Background: Iodine deficiency is one of a major nutritional problem. The study aimed to assess the iodine status of populations in Dabat district using median urinary iodine concentration (UIC) in school-age children (6-12 years) and compared the results with goiter prevalence. Methods: The study used a cross-sectional study design. The study was conducted in Dabat district, northwest Ethiopia in May 2016. Spot urine samples were used for the determination of UIC. Manual examination of the thyroid gland was performed to assess presence of goiter. The MBI international Rapid Test Kits (RTK) were used to determine the level of salt iodine content. Children aged 6-12 years were recruited from schools using a multistage stratified sampling. One-way Analysis of Variance (ANOVA) was used to compare mean of log-transformed UIC values among key variables. Significant was determined at P-value less than 0.05. Results: A total of 358 school age children enrolled to the study. The mean age of children was 10.8((Standard Deviation (SD) = 1.45) years and 56.7% were males. The median UIC was 235 μg/l ((Inter Quartile Range (IQR): 161, 320]. Excessive iodine intake and inadequate iodine intake was observed on 29.1 and 8.7% of school aged children, respectfully. The coverage of iodized salt use in school-age children were 66.8%. The UIC was higher in urban children than rural counterparts and in those used adequately iodised salt than inadequately iodized salt (P < 0.05). Thirty-four percent of school-age children had a goiter. The prevalence of grade 1 and grade 2 goiter was 26.5 and 7.5%, respectively. There was a poor agreement between UIC and goiter (k = 0.1) in classifying iodine status of populations. Conclusions: The study population is classified as above requirements by median UIC in school-age children but severe iodine deficiency by goiter prevalence. Further research investigating the agreement between UIC and goiter prevalence in classifying iodine status of populations with various iodine status is warranted.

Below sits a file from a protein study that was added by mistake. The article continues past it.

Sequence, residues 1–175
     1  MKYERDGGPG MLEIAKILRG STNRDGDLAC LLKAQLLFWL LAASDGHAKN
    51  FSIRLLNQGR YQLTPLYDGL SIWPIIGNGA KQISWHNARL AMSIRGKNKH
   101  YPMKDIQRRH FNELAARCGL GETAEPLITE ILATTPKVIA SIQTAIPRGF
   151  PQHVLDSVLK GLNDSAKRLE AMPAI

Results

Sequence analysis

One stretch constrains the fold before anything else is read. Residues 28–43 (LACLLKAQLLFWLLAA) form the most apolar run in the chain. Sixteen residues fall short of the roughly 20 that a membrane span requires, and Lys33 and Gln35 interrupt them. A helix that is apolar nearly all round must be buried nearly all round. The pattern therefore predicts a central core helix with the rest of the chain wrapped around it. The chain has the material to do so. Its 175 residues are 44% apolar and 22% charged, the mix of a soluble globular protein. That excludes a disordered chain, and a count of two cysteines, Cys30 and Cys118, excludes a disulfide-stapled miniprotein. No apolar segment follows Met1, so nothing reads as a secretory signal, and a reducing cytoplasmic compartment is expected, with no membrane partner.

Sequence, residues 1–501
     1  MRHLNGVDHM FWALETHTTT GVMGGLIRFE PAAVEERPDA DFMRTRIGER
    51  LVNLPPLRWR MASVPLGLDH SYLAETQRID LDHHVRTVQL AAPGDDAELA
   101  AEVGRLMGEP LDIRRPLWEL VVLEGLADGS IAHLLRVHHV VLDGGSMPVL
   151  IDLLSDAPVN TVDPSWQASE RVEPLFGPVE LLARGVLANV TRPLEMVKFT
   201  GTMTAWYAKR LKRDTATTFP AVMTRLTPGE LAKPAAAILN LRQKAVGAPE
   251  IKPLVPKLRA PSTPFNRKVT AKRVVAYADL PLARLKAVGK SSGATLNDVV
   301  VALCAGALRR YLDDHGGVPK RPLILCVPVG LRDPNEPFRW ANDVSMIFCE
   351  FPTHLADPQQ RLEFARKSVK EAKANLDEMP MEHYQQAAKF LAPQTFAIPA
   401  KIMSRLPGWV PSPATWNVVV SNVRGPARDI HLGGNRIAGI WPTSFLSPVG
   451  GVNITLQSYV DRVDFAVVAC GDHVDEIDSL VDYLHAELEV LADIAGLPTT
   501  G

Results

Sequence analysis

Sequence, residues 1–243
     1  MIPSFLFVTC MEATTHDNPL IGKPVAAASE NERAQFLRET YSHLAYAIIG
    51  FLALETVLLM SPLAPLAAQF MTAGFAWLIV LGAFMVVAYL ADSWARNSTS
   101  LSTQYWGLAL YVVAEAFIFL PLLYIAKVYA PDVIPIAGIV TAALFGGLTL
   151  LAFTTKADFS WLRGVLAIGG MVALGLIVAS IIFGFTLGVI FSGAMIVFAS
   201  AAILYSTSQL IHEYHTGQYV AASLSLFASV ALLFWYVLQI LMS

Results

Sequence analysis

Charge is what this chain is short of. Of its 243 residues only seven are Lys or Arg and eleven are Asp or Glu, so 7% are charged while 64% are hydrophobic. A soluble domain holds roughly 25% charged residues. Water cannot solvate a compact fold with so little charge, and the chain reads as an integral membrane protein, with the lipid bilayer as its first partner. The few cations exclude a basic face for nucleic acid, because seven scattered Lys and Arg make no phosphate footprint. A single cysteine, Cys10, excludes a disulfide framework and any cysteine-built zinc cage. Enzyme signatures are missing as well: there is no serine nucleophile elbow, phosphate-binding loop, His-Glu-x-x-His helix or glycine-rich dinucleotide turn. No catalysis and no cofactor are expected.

- Iodine status
- School-aged children